Some terrorist campaigns seem to be intractable, no matter what approach is adopted.
DAVAO CITY, PHILIPPINES — The east Asian nation of the Philippines has had an interesting history, to say the least. A former Spanish colony, it was taken over by the Americans from the very late 1800s to the end of WWII (with a brief occupation by the Japanese in the 1940s). It as only in 1946 that it became its own nation really.
It has since had a presidential system but I would imagine that for most of us its recent history has been dominated by the Marcos dynasty. Ferdinand Marcos held power for two decades, helped by his decision to declare marital law in 1972: that state of affairs lasted until 1981, although not much really changed when it was dropped. And then there was his wife Imelda – remember the shoes??
The country is a little more democratic but remains desperately poor. One of that nation’s chief exports seems to be domestic workers, estimated at ten million worldwide: I do know that there are also hundreds of thousands of Filipinos who have emigrated to Canada (my eldest daughter’s best friend is one).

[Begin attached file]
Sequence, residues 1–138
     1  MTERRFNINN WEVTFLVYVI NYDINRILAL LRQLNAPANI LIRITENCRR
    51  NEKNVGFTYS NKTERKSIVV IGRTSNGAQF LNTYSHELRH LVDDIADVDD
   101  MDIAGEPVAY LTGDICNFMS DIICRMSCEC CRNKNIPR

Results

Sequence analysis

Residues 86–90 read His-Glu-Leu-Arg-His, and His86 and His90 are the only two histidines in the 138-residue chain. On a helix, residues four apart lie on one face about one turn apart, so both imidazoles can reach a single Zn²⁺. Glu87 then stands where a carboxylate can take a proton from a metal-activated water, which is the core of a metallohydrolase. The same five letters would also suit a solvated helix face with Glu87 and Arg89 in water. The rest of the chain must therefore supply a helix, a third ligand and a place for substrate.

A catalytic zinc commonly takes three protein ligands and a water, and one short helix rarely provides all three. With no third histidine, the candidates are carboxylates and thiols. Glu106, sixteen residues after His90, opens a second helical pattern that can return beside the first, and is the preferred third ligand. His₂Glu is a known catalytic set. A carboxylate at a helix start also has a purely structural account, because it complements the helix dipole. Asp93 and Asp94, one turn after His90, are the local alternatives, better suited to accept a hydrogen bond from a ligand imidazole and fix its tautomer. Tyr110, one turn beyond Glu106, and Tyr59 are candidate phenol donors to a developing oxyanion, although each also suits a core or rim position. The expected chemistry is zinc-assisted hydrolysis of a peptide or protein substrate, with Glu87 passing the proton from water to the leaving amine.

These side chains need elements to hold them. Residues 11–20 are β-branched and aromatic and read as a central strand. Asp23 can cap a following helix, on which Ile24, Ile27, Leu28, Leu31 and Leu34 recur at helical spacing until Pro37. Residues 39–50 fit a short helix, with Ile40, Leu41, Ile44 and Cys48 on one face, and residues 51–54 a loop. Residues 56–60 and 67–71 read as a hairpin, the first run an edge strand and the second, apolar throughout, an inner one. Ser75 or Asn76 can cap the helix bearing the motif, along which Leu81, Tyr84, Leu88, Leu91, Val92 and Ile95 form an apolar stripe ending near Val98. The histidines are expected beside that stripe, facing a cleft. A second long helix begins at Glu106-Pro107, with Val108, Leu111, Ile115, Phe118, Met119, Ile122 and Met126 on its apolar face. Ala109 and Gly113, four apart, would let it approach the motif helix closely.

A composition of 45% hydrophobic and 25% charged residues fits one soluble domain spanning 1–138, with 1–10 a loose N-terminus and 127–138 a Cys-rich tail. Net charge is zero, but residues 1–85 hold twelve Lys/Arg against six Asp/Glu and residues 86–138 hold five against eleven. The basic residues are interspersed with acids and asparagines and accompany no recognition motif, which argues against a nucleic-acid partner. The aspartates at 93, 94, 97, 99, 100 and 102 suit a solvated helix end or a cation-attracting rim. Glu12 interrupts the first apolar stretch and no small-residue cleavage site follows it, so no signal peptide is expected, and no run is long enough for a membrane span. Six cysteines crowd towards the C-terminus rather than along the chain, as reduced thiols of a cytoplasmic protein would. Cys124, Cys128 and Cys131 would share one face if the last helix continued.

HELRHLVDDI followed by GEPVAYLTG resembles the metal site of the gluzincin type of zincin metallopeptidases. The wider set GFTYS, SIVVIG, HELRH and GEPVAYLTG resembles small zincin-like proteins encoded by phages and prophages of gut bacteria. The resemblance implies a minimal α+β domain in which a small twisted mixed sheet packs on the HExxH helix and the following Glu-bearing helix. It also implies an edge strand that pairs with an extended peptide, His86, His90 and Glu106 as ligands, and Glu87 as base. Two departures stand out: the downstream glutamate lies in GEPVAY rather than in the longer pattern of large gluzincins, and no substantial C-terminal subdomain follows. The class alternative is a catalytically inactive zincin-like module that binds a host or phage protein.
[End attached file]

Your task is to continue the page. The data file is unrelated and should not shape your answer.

Another plague with a longstanding presence in the Philippines is terrorism. There have been Islamist terrorist groups on the islands – particularly in the far south – for decades. The main one, called the Abu Sayyaf Group (ASG), is aligned with Al Qaeda (AQ).
On this day in 2016
On this day in 2016, a bomb exploded outside the Marco Polo hotel in Davao City, killing 15 and wounding another 70. ASG claimed the attack at first but there were soon doubts as to the real perpetrator (drug lords were cited as a possibility). Months later police arrested members of the Maute Group, a terrorist outfit seeking to align itself with Islamic State (ISIS).
Let us pray for the victims of this unfortunate incident, especially for those who died. Let us pray for those who are being treated in different hospitals and pray for their quick recovery.Vice mayor of Davao City
The bomb targeted the home city of Rodrigo Duterte, the current president who acts a lot like Marcos did. This of course does not justify an act of terrorism. It does underscore, however, that between terrorism and bad governance the Philippines cannot seem to catch a break.